The interaction of the lower lip against the incisal edges is critical for many proper speech sounds. Misplacement of the incisal edge can create speech difficulties and minor impediments.
Determining the Length of the Incisors
Vertical Incisal Edge Position
The maxillary incisors are often the starting point for smile rehabilitation. Diagnostic planning of this aspect should be precise, as it influences symmetry, proportion, and functional parameters of the adjacent anterior teeth.4 The final restored length will be influenced by a variety of individual factors. These include the lower lip position during smiling, the lip positions at rest, the lip positions in repose, upper lip characteristics, soft tissue characteristics, the envelope of function, and facial proportion.5
Depending on the preparation style or restorative product used, the length will set the foundation for the width-to-length ratio. An accepted ratio for width to length is approximately 80%.6,7 This also lays the foundation for establishment of the anterior golden proportion. Ideally, the width of the lateral incisor would be assigned a value of 1.0, the canine a value of 0.6, and central incisor a value of 1.6. This is an apparent measurement and should only be relied upon when viewing from the direct anterior. The canine’s value of 0.6 from the anterior is dictated from the facial line angles and height of contour. When viewed laterally, the canine would have a value much greater than 0.6.8
Determining the correct length can be very difficult in patients who present with a worn dentition. The length can only be estimated from known references and collected data. The patient must then test the result during the provisional phase. Studies of crown length have shown that unworn central incisors average 11.69 mm in length and worn centrals average 10.67 mm in length.9
The rest position is accomplished by having patients close their lips with relaxed facial muscles, and then slightly open their lips as if to breathe through their mouth. In this position, Vig and Brundo determined that men and women show average of 1.91 and 3.4 mm of central incisor, respectively.10 These amounts will decrease with advancing age as the soft tissues are more affected by gravity.10
The “e” position is a repose position created by the lips and musculature when having the patient say the long “e” sound. It is similar to a smile position, but simulates the position of the soft tissue in a more functioning position. Ideally, the incisal edge of the central incisor will fall between 50% and 70% of the distance between the upper and lower lip.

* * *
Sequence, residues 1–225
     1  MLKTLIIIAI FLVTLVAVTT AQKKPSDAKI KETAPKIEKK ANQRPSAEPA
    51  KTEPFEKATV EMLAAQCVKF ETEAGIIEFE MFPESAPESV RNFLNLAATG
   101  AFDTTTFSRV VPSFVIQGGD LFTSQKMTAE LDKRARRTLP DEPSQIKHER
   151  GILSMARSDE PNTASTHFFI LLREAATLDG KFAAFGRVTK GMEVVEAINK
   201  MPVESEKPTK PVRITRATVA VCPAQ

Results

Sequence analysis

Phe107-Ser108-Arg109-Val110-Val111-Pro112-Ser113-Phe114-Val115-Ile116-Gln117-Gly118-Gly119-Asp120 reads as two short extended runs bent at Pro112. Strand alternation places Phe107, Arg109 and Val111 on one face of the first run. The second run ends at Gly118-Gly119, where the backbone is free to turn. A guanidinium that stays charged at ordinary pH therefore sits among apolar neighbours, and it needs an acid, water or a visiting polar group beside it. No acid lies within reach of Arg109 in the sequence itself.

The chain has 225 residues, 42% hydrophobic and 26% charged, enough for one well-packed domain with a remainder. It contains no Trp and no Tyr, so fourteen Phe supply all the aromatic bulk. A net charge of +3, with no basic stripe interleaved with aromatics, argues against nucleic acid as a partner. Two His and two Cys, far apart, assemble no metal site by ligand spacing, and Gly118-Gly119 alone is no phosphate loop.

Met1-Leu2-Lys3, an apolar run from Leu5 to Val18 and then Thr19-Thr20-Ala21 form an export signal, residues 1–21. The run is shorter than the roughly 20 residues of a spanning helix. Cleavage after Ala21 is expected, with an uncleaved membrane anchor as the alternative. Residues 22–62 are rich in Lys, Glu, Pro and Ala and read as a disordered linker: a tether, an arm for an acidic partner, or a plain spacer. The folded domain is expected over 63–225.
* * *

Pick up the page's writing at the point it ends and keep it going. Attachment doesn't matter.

This author has found that a good starting point for the central incisor length is 10.5 to 11.0 mm. The “e” and rest positions are then used to determine the approximate vertical position to place the incisal edge. In many cases involving tooth wear, the patient will want longer looking teeth. Simply adding length to the incisal to achieve 10.5 to 11.0 mm will often result in encroachment on the envelope of function and the neutral zone.
Phonetically, the position of the incisal edge is important when considering the lower lip. The lower lip must interact with the incisal edge in a natural, effortless fashion. This is evident during the pronunciation of words beginning in the letters v and f. The incisal edge contact should occur in the moist or inner vermillion boarder of the lip and not the cutaneous or dry portion. This error can often been seen in restorations that are too long incisally.11
Horizontal Position of the Incisal Edge
Establishing the proper horizontal incisal edge position may be one of the most important yet most commonly overlooked factors in anterior reconstruction. This position must accommodate the patient’s envelope of function and neutral zone. A position too far to the facial can lead to interference as the lower lip closes to seal against the upper lip. A facialization error can also affect the function of the upper lip, causing the lip to “work around” the incisal edge. Many times the patient will complain of muscle fatigue and “a not quite right feeling” during function.
A lingualization error of the incisal edge can lead to an anterio-posterior constriction in the patient’s envelope of function. This would occur as the edges interfere with the lower incisors’ arc of closure.4,12 Similarity exists between the horizontal and vertical incisal edge positions in terms of phonetic issues. A horizontal discrepancy can also interfere with the production of “f” and “v” sounds.